I also don’t understand the object categorization process the brain uses. Sure, I’ve read books, such as my textbook on Vision Science, which speculate on what the brain might be doing, but I don’t feel confident in any of them. I spent several hours yesterday thinking about that problem, but no matter how much time I spend on it, I never seem to make any progress.  Unfortunately I don’t know of any detailed books on this subject, so I’m forced to think it all out for myself.  That’s a very slow process.

I have a few books on the mind by Steven Pinker which I still haven’t read.   I still haven’t read his book The Stuff Of Thought.  I plan to do so this summer.

Ugh, I never can decide what to do with myself.  I have like 100 different things I want to do at any given moment, and there’s not enough time for any of them.   I’ll have to prioritize all of this and decide how to spend my summer most effectively.

ARToolkit – A Neat Computer Vision Tool

Computer Vision allows some really neat things.  ARToolkit is a computer vision library created by Hirokazu Kato used for tracking a surface and placing an animated model on top of it.  It looks really neat.  This summer I’ll be researching more into it and playing around with it.  What you do program a surface into it, and then, using a camera, you can place animated 3D models into your real world environment.  Pretty cool.  If it sounds confusing, don’t worry.  It’s very simple to understand once you see it in action.

Here’s a video showing more details into what it does and how it works. It’s actually a programming library which you can use in Visual C++ and integrate into your applications. From what I can tell, it takes in a video feed from a camera using DirectX, processes the feed images using something like OpenCV (or possibly his own computer vision code, I don’t know), finds the surface and determines its position and orientation, and then renders the 3D model on top of it using OpenGL. I plan to write a lot more posts on computer vision this summer. I’ve been debating between spending my summer doing physics research at MST, or spending all my free time researching quantum mechanics and Computer Vision. Decisions decisions!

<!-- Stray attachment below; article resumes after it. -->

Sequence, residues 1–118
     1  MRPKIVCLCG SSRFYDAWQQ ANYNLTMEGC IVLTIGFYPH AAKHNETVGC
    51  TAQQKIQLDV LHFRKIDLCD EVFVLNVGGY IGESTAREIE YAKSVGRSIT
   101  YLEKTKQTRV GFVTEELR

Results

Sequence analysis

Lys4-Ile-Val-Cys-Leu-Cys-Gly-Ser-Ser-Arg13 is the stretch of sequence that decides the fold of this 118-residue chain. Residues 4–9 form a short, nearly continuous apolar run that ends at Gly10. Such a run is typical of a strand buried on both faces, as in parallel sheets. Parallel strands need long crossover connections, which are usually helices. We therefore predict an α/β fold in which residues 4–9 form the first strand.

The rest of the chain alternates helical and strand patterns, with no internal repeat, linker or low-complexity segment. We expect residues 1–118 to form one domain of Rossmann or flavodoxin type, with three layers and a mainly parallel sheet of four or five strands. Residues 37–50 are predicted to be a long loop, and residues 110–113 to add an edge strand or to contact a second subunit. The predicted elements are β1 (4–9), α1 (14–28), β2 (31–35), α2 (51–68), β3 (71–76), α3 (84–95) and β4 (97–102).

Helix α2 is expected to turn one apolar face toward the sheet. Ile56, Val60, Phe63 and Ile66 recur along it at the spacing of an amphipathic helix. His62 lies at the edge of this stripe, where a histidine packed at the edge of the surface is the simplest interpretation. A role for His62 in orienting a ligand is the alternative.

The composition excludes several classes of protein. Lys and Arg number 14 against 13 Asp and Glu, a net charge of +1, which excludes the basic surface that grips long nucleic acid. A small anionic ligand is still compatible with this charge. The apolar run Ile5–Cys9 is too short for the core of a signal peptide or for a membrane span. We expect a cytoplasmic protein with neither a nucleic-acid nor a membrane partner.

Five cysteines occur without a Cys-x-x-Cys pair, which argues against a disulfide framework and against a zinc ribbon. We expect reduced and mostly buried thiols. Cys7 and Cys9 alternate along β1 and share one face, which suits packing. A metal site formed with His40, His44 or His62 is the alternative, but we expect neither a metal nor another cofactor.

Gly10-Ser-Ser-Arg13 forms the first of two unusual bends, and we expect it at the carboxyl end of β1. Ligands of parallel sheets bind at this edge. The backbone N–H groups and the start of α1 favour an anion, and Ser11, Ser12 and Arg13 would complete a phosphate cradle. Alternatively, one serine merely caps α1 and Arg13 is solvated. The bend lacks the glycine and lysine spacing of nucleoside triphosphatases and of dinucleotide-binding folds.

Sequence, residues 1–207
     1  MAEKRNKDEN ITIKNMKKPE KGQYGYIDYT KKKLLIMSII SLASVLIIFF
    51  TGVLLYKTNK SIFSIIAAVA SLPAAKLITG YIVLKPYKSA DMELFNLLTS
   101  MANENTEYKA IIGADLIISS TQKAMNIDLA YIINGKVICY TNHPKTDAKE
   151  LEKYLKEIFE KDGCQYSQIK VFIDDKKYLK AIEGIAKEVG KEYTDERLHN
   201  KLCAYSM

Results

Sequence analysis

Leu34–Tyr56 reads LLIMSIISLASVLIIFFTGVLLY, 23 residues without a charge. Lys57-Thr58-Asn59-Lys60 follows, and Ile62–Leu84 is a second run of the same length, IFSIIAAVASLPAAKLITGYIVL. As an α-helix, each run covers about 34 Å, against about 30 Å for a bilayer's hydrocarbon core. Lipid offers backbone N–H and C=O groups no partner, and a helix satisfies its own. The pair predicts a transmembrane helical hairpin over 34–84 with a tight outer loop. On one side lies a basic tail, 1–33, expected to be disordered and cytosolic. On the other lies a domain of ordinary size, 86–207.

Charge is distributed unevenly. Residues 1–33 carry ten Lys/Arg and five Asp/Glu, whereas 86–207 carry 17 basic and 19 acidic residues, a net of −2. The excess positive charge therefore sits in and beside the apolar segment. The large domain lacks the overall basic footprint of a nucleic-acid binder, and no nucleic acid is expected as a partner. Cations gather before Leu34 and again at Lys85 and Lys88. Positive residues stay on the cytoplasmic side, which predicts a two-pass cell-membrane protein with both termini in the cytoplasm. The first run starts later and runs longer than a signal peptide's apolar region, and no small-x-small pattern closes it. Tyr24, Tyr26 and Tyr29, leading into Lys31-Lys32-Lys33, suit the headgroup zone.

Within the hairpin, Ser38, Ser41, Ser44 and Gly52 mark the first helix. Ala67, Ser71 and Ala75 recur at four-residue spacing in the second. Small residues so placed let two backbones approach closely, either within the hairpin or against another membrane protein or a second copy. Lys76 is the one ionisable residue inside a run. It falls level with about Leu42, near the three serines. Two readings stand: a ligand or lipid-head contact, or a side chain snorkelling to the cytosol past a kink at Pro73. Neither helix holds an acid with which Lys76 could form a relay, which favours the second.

And just in case you didn’t notice, the 3D model they’re using is Hatsune Miku, a “vocaloid”. Japanese developers have created technology allowing synthetic voices to sing to music. That’s what you’re hearing in the background. Miku is a sort of virtual “diva” in Japan, and “she” sells lots and lots of records. They even have concerts where Miku is rendered using lasers refracting off of a glass plate.

One of the comments for this video sums up a lot of things,

see while Japan is creating all the cool things, America is busy making bombs and crap to control everyone 🙁

– SailorPerson

Another thing to keep an eye on is new holographic technology coming out.  Japanese scientists just recently made a breakthrough allowing them to make better holographic images using lasers.  You can read about that here.